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Cracking up at Winterlude

Arts & Entertainment

Cracking up at Winterlude

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Festivals combine forces to bring laughter to the capital

Winter in Ottawa means Winterlude, when we strap on our skates and head up the canal to Confederation Park en masse for ice sculptures and maple taffy. But weather in the capital is never predictable. Some years early thaws mean the festival is all but flooded out, and other years it’s so cold you risk losing fingers before you can even bite into your beavertail. Luckily, there’s an indoor option if Mother Nature refuses to cooperate.

Cracking Up the Capital launched 10 years ago, and three years ago the festival formed a partnership with Winterlude. “[We thought] it would be a real nice add-on to have a comedy festival happening during Winterlude to have some indoor options for the people who are here, if it’s too cold or if it’s too warm,” says John Helmkay, Cracking Up’s president. The festival has always supported mental-health initiatives and has partnered with a number of organizations over the years, including Amethyst Women’s Addiction Centre, Youth Services Bureau and the Wabano Centre for Aboriginal Health.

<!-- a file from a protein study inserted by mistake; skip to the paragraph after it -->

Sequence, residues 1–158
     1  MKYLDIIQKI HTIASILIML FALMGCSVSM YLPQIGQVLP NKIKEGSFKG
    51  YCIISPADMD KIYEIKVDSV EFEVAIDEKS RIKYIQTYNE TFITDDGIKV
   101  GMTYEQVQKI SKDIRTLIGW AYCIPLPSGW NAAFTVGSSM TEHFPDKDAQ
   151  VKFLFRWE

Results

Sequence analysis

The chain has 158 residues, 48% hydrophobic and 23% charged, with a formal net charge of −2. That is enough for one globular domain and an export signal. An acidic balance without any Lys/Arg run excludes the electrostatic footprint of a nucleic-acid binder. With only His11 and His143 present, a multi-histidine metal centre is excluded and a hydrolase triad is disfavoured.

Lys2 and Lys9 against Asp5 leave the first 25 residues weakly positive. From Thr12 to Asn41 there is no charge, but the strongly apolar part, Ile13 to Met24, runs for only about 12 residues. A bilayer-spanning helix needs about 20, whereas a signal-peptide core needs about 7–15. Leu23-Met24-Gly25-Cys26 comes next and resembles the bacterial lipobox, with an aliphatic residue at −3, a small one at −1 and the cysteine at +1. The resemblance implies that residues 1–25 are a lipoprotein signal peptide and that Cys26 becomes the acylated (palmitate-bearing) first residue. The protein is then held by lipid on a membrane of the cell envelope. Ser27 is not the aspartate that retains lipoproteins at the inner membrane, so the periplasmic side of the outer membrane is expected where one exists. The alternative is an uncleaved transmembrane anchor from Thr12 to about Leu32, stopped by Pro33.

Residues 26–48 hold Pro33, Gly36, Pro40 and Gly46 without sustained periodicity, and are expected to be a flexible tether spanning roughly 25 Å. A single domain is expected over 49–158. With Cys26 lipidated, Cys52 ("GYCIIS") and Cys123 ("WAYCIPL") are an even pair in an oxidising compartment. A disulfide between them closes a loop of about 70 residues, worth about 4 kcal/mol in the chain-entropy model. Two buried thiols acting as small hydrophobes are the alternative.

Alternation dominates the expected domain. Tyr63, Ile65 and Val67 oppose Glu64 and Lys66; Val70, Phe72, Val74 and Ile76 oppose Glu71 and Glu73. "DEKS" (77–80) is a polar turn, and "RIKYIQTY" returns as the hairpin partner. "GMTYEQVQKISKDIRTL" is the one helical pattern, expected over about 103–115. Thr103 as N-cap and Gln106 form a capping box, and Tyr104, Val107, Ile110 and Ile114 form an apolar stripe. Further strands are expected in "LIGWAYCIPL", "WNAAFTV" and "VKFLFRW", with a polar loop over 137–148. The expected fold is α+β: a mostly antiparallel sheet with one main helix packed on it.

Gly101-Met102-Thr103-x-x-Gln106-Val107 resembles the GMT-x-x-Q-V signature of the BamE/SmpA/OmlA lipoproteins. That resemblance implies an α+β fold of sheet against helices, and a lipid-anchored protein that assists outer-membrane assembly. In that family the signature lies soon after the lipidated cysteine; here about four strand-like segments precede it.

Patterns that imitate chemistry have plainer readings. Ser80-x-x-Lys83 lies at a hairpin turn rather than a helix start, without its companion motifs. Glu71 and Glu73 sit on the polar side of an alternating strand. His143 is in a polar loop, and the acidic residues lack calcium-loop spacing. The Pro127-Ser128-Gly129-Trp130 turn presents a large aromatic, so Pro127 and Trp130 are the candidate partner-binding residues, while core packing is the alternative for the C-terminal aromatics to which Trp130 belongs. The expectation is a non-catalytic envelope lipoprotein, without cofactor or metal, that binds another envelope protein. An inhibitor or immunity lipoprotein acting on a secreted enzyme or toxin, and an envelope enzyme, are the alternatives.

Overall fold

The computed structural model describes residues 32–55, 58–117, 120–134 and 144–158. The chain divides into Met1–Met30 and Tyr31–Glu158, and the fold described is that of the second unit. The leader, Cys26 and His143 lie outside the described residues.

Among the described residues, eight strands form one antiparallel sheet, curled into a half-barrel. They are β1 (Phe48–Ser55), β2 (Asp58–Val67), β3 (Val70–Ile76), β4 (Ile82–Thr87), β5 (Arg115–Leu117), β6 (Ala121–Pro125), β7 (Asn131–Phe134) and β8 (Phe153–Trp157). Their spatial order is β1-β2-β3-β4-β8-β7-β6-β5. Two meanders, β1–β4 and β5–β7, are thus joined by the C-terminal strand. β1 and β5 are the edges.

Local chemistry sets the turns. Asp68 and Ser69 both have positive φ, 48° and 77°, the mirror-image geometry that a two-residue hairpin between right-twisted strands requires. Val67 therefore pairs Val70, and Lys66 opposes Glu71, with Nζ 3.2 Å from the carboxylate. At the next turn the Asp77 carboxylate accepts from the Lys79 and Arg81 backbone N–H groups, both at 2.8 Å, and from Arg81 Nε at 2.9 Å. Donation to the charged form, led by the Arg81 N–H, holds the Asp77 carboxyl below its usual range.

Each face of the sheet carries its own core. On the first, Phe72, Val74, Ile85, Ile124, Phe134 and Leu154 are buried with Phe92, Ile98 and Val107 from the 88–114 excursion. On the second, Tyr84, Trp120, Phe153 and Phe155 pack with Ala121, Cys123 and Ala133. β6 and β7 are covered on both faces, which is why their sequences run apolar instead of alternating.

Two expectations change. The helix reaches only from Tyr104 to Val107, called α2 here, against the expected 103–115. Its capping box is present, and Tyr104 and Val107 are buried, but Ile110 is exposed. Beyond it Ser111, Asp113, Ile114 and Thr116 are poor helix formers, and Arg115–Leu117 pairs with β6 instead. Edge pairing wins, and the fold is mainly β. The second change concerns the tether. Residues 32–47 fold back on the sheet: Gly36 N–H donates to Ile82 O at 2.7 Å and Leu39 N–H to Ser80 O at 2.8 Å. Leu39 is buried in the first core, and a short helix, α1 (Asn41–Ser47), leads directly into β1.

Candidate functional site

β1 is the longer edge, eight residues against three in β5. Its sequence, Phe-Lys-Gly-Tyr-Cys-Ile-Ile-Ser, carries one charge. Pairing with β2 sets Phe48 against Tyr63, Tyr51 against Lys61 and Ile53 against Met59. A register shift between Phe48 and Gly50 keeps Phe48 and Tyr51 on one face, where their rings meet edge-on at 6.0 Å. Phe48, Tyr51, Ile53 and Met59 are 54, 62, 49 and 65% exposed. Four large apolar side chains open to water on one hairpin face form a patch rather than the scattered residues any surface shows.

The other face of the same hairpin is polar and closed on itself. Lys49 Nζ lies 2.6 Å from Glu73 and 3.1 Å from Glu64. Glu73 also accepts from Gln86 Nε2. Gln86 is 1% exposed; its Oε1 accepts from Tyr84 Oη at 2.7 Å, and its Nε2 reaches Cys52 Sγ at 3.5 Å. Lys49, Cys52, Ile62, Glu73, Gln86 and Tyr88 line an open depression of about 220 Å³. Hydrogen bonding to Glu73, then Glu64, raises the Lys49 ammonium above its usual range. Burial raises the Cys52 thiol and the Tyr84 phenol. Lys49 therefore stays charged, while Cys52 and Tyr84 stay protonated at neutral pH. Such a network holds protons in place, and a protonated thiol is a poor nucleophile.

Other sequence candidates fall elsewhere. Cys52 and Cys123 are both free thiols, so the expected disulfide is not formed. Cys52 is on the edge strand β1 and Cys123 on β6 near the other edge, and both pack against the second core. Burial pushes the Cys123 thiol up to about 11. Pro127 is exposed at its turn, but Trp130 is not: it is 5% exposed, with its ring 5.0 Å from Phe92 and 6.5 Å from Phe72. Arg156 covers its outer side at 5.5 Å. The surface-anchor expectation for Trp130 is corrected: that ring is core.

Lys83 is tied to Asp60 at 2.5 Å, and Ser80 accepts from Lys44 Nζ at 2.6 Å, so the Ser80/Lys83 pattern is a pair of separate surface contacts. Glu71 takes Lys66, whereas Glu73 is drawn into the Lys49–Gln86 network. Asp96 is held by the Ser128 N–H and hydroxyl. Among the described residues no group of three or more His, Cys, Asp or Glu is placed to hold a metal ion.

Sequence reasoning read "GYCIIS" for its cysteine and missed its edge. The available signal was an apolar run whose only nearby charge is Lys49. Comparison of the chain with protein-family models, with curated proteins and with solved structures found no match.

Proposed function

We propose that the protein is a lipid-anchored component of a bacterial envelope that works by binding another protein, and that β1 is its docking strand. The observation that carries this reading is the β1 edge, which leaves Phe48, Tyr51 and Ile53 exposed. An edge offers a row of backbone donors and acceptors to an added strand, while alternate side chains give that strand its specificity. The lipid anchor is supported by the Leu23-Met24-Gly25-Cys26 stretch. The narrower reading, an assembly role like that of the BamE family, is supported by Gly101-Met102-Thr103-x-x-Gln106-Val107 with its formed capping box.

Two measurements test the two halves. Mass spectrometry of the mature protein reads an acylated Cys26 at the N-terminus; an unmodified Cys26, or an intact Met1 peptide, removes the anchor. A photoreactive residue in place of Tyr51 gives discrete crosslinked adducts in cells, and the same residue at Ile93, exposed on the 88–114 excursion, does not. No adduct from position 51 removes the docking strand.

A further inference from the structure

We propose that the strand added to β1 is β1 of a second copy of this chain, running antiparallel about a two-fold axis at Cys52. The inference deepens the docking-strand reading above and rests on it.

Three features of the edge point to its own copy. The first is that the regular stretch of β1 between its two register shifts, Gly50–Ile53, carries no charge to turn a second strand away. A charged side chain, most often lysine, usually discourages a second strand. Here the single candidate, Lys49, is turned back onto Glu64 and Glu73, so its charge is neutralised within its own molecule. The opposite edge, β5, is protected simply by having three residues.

This year the festival is focusing on anti-bullying initiatives, with some big-name LGBT comedians on the roster.

On Feb 5 you can catch Martha Chaves as part of an evening of standup presented by CBC Radio’s Laugh Out Loud, which will open the festival with a live presentation of the radio show. Chaves, a veteran of Montreal’s Just for Laughs festival, came to standup when she was trying to improve her public-speaking skills. An out lesbian, she takes a somewhat surreptitious approach to addressing LGBT issues in her routines, winning over the audience first before alluding to the fact that she’s gay.

“Sometimes I come out right away; sometimes it’s just organic — I come out, like, in the middle of the show, and by that time they have already been laughing. They are already mine, you know?” she says. “It’s very subversive, what I do, because when people laugh with you it means acceptance.”

To close the festival, Cracking Up the Capital will present Stand Up to Bullying on Feb 8, headlined by none other than Rick Mercer. From 7 to 8pm there will be a free performance in Confederation Park, followed by the grand finale at the NAC, where fellow comedians Mary Walsh and Patrick McKenna will join Mercer.

Mercer will extend a message to the audience about the importance of standing up to bullying, touching on his now-famous video rant. “Rick is coming because of his great support for the Jamie Hubley issue and youth bullying and youth mental health, and it’s because he believes in it strongly,” Helmkay says. “When we extended the invitation he happily agreed, graciously and quickly.”

“I think that it’s needed for gay people to show the other ones that not all of our lives are a tragedy,” Chaves says. “Things do get better.”  

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